How is the governor going to do this? By having California’s tax law conform to federal tax policy. With the 2017 federal Tax Cuts and Jobs Act, the federal government was able to close a substantial number of tax loopholes. By aligning California’s tax laws with the 2017 federal Act, Newsom hopes to do the same on the state level.
This move to maintain California’s progressive tax system would primarily affect corporations and wealthy individuals, affecting less than 0.1% of households. According to the Governor’s office, the tax changes are expected to raise $1.7 billion that will go into funding the CalEITC expansion.
Conforming to the federal tax law will also simplify accounting rules for many small businesses. Under the tax conformity, small businesses with up to $25 million in revenue can elect to use cash rather than accrual accounting. Previously this was capped at small businesses making up to $5 million in revenue. The tax changes will also simplify inventory valuation and simplify other bookkeeping processes. Economic Security Project Action estimates that the tax changes will provide $280M in relief to small businesses.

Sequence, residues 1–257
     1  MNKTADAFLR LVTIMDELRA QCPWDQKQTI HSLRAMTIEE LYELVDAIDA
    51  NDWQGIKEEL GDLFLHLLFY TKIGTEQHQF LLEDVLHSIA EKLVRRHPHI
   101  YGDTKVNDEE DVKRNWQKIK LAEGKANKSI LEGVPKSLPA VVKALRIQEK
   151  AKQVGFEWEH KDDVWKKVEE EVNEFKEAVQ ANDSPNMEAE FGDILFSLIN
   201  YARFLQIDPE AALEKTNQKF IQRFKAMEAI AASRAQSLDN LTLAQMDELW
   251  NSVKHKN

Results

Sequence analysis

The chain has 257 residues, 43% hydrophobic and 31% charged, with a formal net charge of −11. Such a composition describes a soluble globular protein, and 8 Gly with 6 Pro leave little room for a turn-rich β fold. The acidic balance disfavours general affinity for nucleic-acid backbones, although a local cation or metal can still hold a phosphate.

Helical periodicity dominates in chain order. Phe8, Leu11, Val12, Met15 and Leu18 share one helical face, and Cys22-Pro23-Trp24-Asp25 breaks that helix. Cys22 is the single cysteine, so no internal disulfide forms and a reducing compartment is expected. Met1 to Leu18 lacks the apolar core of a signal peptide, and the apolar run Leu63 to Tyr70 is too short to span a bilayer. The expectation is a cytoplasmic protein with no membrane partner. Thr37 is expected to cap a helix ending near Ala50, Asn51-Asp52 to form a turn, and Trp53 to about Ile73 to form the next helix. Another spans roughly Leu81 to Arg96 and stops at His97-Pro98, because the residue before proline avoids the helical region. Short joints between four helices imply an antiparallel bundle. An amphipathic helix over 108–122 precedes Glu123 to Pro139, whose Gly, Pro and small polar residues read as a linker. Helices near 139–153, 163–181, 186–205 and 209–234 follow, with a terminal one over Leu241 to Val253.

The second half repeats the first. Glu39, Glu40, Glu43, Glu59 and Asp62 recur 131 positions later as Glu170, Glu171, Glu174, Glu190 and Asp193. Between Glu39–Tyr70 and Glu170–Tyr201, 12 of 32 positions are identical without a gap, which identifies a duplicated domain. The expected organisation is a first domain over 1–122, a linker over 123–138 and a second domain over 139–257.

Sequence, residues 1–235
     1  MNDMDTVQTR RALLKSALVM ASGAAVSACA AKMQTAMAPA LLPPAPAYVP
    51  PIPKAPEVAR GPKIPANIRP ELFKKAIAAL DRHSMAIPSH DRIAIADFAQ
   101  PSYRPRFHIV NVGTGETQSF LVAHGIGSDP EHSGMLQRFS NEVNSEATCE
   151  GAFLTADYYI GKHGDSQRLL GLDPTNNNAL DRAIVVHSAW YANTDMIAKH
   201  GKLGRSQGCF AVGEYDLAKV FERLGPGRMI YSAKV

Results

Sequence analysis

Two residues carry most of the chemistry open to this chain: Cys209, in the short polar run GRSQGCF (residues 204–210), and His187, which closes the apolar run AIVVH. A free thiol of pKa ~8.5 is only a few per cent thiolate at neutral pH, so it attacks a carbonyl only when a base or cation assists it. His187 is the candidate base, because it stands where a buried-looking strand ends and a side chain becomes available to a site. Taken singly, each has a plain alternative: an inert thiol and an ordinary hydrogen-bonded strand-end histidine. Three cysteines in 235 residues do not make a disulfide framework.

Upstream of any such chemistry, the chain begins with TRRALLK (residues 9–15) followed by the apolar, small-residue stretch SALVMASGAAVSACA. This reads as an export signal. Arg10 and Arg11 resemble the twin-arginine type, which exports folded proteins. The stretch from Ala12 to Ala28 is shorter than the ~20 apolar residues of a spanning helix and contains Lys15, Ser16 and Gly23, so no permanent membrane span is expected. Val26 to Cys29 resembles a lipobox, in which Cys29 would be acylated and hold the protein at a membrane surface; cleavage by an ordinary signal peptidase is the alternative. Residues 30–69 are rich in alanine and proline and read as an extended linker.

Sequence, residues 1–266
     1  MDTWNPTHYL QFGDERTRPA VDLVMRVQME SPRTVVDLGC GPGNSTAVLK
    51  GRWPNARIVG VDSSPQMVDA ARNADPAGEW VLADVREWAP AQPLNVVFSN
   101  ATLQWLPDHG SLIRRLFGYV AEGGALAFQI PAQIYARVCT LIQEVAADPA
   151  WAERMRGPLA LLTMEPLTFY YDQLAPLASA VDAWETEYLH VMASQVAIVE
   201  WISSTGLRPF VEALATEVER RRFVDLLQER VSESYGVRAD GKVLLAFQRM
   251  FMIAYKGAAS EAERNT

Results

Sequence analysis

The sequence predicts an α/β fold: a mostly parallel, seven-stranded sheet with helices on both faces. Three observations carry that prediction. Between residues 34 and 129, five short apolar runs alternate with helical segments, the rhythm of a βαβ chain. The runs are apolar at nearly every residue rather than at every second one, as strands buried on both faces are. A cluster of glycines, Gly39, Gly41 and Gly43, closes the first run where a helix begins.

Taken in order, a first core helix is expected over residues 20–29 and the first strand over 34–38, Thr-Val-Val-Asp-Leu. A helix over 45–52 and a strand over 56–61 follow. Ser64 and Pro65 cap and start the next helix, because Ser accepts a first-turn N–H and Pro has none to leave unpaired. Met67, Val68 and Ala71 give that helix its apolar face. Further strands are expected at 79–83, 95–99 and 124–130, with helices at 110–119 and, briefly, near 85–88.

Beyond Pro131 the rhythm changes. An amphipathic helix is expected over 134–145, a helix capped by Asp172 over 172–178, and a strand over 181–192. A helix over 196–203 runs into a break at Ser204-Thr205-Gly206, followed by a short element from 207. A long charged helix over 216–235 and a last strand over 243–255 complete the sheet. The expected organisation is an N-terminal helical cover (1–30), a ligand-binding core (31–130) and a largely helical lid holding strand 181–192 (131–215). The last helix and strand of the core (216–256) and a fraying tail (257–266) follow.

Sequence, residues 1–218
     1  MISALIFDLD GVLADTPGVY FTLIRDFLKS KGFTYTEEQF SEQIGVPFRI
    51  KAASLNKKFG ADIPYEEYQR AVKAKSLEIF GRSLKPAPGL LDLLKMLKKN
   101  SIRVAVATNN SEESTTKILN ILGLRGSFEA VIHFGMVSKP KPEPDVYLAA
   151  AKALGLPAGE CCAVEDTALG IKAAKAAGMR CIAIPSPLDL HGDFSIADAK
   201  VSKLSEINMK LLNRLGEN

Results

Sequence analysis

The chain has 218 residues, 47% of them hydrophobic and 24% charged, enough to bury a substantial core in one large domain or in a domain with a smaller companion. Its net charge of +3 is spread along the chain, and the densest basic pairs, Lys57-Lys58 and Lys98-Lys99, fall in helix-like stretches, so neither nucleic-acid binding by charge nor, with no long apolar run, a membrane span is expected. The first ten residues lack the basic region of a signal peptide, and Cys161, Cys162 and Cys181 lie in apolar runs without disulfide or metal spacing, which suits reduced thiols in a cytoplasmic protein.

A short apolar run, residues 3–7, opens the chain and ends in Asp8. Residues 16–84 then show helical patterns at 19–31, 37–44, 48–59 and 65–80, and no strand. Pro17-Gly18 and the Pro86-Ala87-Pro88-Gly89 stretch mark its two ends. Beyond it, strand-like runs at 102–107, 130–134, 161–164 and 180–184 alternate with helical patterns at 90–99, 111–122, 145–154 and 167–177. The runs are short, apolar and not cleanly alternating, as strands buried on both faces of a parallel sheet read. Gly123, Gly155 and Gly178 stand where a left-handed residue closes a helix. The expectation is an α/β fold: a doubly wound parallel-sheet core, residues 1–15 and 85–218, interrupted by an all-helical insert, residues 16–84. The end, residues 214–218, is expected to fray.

The CalEITC expansion will include individuals making up to $30,000 annually. This new limit would cover many low-income entrepreneurs. Small and micro business owners are fundamental to California’s robust economy. California’s culture of entrepreneurship has created jobs and economic opportunity throughout the state. While entrepreneurs are at the heart of California’s economy, their path to financial stability is often hard-fought. The proposed CalEITC expansion will make business ownership and entrepreneurship a reality for more Californians.
CAMEO and Small Business Majority issued a joint letter of support for the EITC expansion because it gives small and micro business owners more security while also being paid for through the tax conformity proposal.
An expansion of the CalEITC is a clear way to support entrepreneurs and simplify the tax law. It is a win-win.